The following week comes the debut UK poster show by the UKPA, which will feature both UK and US artists, again taking place in London.

This event will act as more of a gallery show than an expo, with posters having their own space and will be available to purchase at the event.

There will also be a series of discussions, debates and a Q&A on the Sunday from 4pm featuring ramblings from a bunch of talented friends including Graham 'Army of Cats' Pilling, Drew Millward, John Howard and Lil Tuffy. There are plans in place for these talks to be filmed, to further spread the knowledge of these illustration disciples.

The following week will see the return of Screenadelica as part of the huge annual event, Liverpool Sound City.

LSC is an international music, media and technology conference and live arts and music festival, which started life in SXSW a few years back.

This will be my first year exhibiting my wares at Screenadelica and I hope to make it over there for the Saturday. More information on this year's event can be found on their website.

Monday, 23 April 2012

Scottish Winds

I was recently asked by Frightened Rabbit to design a tour poster for their Highlands Tour, in which they played intimate venues in small Scottish towns.

I love the thought of a band on a major label making such an effort to play to their fans who might not be able to get to their shows, which often take place in the major cities of Scotland.

People who know me will know that I'm quite fond of FR; I consider their second album 'The Midnight Organ Fight' to be a genuine modern classic. So when it came to inspiration, I had a lot of ideas at the ready.

Firstly I wanted to have references to their lyrics and themes tackled across their albums; the sea, isolation, faith and lack thereof and combine it with the idea of the band heading up into the unknown wilderness to play these shows.

Here is a quick printing process of the day I spent screen-printing them.

Firstly, the screens are coated with a chemical called Azocol.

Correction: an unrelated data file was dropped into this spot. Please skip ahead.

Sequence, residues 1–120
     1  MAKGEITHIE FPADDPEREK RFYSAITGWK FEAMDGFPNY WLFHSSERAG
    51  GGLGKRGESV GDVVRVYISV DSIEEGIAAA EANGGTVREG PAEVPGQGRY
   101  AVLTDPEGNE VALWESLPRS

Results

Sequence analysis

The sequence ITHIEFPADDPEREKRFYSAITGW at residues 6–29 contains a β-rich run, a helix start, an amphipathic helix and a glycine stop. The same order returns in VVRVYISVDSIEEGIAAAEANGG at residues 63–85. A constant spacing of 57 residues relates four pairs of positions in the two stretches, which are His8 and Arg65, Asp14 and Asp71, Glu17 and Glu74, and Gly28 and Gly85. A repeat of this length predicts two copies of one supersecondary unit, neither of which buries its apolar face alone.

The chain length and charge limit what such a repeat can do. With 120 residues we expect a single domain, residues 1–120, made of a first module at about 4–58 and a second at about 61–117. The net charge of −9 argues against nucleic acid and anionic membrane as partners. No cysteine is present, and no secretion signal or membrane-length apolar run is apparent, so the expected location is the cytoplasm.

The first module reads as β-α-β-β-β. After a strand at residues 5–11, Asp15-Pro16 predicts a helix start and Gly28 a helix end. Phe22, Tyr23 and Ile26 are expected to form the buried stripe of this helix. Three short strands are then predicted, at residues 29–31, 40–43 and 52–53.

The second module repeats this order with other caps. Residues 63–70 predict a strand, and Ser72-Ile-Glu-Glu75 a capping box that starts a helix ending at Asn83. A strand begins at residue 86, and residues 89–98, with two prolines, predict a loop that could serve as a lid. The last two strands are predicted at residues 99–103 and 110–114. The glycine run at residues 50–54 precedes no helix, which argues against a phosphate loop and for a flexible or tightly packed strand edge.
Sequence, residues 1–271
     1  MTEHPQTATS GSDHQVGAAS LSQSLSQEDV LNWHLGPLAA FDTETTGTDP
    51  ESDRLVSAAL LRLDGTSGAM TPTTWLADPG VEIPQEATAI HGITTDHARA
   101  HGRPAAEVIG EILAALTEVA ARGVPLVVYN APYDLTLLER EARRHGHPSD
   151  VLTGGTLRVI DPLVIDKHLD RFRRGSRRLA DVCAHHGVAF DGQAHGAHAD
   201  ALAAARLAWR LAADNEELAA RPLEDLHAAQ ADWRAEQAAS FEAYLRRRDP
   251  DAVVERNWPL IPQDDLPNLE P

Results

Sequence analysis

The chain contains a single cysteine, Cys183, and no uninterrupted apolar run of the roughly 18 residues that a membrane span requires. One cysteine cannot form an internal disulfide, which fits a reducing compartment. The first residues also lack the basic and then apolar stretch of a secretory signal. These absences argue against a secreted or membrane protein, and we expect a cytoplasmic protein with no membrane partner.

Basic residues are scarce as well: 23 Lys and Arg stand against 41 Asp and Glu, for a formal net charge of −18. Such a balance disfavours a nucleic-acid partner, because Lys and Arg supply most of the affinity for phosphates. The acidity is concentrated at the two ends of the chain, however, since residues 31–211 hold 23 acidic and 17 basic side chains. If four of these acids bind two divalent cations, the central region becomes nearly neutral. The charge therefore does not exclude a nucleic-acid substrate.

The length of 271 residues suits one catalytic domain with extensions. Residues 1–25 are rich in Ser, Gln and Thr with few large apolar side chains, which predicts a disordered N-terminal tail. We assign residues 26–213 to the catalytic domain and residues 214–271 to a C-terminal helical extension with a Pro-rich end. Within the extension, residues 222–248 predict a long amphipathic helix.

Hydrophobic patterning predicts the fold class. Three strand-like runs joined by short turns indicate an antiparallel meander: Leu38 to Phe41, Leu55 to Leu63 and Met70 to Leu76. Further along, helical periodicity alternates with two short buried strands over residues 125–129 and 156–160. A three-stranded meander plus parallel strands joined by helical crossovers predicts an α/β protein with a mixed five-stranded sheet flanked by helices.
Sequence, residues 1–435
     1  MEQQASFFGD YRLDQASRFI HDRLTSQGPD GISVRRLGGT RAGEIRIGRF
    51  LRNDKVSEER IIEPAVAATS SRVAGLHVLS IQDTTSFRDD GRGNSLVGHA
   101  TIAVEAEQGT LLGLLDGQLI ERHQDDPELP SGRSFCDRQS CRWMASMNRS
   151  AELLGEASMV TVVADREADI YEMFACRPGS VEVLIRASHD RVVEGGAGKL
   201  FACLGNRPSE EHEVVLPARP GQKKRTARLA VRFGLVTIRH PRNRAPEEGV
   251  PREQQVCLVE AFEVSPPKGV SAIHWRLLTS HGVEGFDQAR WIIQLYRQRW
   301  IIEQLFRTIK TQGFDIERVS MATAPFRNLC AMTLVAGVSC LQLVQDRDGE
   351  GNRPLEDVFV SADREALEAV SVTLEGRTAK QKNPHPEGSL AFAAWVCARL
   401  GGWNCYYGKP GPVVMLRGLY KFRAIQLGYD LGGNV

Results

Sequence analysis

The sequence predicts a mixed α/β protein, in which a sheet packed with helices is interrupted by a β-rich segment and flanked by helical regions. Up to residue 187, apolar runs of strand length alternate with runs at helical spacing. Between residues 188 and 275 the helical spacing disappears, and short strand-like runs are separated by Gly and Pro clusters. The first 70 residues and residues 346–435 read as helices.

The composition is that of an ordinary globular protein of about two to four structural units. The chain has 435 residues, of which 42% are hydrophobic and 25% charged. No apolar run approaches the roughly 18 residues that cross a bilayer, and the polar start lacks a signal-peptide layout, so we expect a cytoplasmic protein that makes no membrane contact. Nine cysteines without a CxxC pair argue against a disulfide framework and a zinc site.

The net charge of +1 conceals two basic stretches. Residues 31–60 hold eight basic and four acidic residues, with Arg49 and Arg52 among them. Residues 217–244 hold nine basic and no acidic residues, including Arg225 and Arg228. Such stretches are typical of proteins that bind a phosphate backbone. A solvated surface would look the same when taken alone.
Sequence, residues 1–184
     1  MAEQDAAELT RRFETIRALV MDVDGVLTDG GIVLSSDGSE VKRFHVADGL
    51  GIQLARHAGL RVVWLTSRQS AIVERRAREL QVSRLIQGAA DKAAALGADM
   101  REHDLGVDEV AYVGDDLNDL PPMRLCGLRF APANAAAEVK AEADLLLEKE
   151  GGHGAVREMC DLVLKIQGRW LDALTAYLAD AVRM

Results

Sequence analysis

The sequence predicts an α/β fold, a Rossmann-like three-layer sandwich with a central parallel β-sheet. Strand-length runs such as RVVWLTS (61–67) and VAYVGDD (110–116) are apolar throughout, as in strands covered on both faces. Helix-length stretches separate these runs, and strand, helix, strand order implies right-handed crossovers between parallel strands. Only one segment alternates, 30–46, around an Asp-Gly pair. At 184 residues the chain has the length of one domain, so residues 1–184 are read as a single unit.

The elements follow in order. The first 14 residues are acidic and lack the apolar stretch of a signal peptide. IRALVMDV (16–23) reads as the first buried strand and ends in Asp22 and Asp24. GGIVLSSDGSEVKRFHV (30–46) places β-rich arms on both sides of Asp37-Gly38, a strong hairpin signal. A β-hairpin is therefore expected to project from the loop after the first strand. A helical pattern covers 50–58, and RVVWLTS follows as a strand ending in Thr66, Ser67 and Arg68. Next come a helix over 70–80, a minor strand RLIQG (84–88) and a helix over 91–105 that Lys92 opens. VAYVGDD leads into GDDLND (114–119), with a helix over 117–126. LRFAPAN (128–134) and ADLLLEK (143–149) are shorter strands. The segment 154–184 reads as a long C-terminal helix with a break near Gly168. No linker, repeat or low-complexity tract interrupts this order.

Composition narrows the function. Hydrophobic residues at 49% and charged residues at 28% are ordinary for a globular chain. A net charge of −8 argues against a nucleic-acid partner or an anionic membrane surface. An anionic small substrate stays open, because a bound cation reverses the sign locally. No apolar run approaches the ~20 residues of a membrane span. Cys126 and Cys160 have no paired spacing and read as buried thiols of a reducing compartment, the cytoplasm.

Here are the transparencies, which will make up the two layers / colours of the poster.

They are transferred to the screens, using UV light.

The screen is then clamped into the bed place and the first colour has been pulled through with a squeegee.

Hanging out on the drying racks.

The second screen in place, with the imminent brown to complete the print.

Here is the final cropped version of the poster, which I think came out pretty well.

I printed 130 in total, 100 for the band and 30 for me. They're now available in my online shop and if you want one, then get to it, as I understand they were pretty popular on the tour. Also, for one week only I'm offering free p&p within the UK.

Big thanks to the band and their management for letting me do these and also to Alice Munks, who helped get the ball rolling with the band about 18 months ago...

Wednesday, 18 April 2012

Flatstock 33

About a month ago I was privileged enough to travel to Austin, Texas to exhibit at Flatstock 33, which runs alongside the world famous music festival, SXSW.

Flatstock is a gig poster event run by the API, as a means of showcasing the work of the gig poster artist in a series of exhibitions.

As a little promotional item for FS33, I designed an A5-sized postcard with a parrot on.